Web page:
A new study reports that anammox, a key process in the nitrogen cycle, is barely present in Narragansett Bay even though it's a major factor just a little farther out into Rhode Island Sound. Scientists traced that to differences between bay and sound sediments, but that raises new questions about what's going on in the Bay to account for those.
Rhode Island's geography is famously small, but new measurements of the nitrogen cycle in its waterways suggest that even over a small distance, differences can be huge. Scientists report that the nitrogen-converting process anammox is almost completely absent in Narragansett Bay, even though it is going strong in Rhode Island Sound only 15 miles off the coast.
The novel and somewhat surprising finding, documented in the journal Limnology and Oceanography, raises intriguing questions about why the bay seems inhospitable to an important environmental process, said corresponding author Jeremy Rich, assistant professor of ecology and evolutionary biology at Brown University.
"Past research suggested anammox might be increasing in importance in the bay, but there was not any data to back it up. What we're showing is it's barely even there," Rich said. "What's wrong with the nitrogen cycle in lower Naragansett Bay? Why don't we have anammox? Have we disturbed it to the point where we are missing this process?"
Anammox—anaerobic ammonium oxidation—was only recently discovered and remains incompletely understood. It is one of two ways that nitrogen in various forms in seafloor sediments is converted back into its inert form (N2) that composes 80 percent of the atmosphere. The other process is denitrification. This conversion is not only a key step in the Earth's vital nitrogen cycle, but also it contributes to the health of waterways by removing excess nitrogen that can fertilize harmful algae blooms.
For their study, researchers including lead author Lindsay Brin sailed to the sites on the fishing vessel Virginia Marise every season over two years. They took measurements and collected sediment cores from the Providence River Estuary, Naragansett Bay (into which the estuary feeds), Rhode Island Sound (into which the bay opens), and the neighboring Block Island Sound.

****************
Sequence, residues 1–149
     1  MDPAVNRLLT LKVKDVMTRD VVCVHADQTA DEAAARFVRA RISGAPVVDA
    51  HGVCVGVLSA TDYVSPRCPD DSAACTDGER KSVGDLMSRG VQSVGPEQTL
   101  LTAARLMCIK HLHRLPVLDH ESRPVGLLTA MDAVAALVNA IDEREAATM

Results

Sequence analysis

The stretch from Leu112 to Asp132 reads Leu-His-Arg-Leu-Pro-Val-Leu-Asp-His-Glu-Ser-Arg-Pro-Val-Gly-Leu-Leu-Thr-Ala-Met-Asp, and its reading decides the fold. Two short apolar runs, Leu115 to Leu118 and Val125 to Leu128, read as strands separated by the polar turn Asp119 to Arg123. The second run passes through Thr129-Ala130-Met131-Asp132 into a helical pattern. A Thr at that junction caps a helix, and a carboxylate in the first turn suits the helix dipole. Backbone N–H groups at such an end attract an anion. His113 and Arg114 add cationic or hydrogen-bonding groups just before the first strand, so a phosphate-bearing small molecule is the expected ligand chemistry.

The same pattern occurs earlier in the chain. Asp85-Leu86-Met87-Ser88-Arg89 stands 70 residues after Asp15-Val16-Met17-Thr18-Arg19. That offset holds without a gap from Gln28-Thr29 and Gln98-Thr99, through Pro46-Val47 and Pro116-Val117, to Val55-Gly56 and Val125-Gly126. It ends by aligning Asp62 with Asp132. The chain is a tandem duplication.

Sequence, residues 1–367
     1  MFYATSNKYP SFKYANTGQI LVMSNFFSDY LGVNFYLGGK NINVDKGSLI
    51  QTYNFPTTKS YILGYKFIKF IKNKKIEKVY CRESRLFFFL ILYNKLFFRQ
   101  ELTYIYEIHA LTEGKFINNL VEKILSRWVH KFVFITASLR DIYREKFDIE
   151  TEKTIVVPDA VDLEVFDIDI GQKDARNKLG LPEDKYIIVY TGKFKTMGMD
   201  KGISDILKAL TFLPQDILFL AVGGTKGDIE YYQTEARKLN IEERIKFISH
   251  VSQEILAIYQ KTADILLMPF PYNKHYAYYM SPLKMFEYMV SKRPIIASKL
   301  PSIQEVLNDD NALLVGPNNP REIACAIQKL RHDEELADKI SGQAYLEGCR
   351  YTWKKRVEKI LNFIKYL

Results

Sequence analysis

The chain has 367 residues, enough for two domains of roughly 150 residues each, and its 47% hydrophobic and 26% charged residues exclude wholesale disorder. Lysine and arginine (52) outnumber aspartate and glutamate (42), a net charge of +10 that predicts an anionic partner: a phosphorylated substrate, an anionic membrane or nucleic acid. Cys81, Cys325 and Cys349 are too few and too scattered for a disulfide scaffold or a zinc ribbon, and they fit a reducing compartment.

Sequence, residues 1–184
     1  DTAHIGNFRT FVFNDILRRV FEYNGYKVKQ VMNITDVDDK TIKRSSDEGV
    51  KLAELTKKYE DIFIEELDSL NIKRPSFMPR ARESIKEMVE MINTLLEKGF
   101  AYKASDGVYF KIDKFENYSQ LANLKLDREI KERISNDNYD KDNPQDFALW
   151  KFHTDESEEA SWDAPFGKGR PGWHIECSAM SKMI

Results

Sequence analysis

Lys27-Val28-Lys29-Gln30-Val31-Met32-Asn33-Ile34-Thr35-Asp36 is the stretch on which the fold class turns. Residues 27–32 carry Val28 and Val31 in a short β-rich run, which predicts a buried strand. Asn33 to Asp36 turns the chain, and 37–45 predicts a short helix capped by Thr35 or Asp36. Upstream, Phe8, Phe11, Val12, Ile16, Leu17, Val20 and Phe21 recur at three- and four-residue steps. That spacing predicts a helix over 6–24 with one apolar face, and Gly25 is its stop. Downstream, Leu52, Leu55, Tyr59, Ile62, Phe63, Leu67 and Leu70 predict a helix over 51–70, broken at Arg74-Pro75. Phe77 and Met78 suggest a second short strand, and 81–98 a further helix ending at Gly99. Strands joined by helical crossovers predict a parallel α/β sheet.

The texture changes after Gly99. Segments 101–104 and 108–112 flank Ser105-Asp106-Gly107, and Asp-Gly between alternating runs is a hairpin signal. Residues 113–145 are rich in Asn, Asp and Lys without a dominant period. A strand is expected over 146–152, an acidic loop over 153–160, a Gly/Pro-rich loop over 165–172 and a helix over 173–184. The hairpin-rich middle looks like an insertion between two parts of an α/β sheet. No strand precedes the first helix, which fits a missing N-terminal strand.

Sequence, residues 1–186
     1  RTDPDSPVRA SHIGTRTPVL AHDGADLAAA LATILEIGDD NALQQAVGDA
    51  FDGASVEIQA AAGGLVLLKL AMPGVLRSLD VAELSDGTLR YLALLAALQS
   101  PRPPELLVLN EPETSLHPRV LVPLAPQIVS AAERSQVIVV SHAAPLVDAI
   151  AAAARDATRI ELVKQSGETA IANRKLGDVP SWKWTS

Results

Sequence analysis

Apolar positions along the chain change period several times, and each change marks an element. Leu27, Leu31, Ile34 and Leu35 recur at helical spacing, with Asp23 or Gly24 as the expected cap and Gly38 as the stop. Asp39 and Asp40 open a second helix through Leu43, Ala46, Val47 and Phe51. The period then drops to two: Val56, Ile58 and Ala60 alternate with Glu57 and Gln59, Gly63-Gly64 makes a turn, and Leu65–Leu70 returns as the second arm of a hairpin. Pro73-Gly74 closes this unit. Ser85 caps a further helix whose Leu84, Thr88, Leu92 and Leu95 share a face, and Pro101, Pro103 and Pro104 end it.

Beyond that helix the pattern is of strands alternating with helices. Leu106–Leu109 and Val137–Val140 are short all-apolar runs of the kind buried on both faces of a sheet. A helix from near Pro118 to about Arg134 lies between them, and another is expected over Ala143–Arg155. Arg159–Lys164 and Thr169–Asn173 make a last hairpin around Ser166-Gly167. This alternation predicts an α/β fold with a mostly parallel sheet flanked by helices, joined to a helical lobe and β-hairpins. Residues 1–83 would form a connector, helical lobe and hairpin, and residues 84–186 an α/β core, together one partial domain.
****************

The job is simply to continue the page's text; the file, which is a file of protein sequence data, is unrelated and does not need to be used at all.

They looked at key measures of oxygen, nitrate, nitrite, and ammonium and organic matter in the sediments and measured environmental conditions such as salinity and temperature at the sites. They also performed experiments on the sediment cores to determine their potential denitrification and anammox rates.
What they found was that in the sounds annamox contributed between 8 and 42 percent of the N2 produced (denitrification produced the balance), while annamox produced no more than 4 percent of the N2 in sediments from the estuary or the bay.
Anammox activity wasn't seasonal in either locale, they found, and the waters were comparably salty. What did differ, however, was that compared to the sediments of the sounds, the estuarine and bay sediments had less oxygen mixed in and therefore less nitrate. Those factors were associated with less anammox activity.
So the questions Rich is now asking come down to why oxygen and nitrate levels vary in sound and bay sediments.
One of Rich's observations has been that in the sound's sediments, but not the bay's, little shrimp burrow and effectively promote the mixing in of oxygen.
It's speculation to blame a lack of the shrimp for the bay's dearth of anammox, Rich said, but it is a new hypothesis worth consideration. In the meantime, what the new study suggests is that Rhode Island's bay waters somehow lack the proper conditions to activate an important process in returning nitrogen from the sea to the air.
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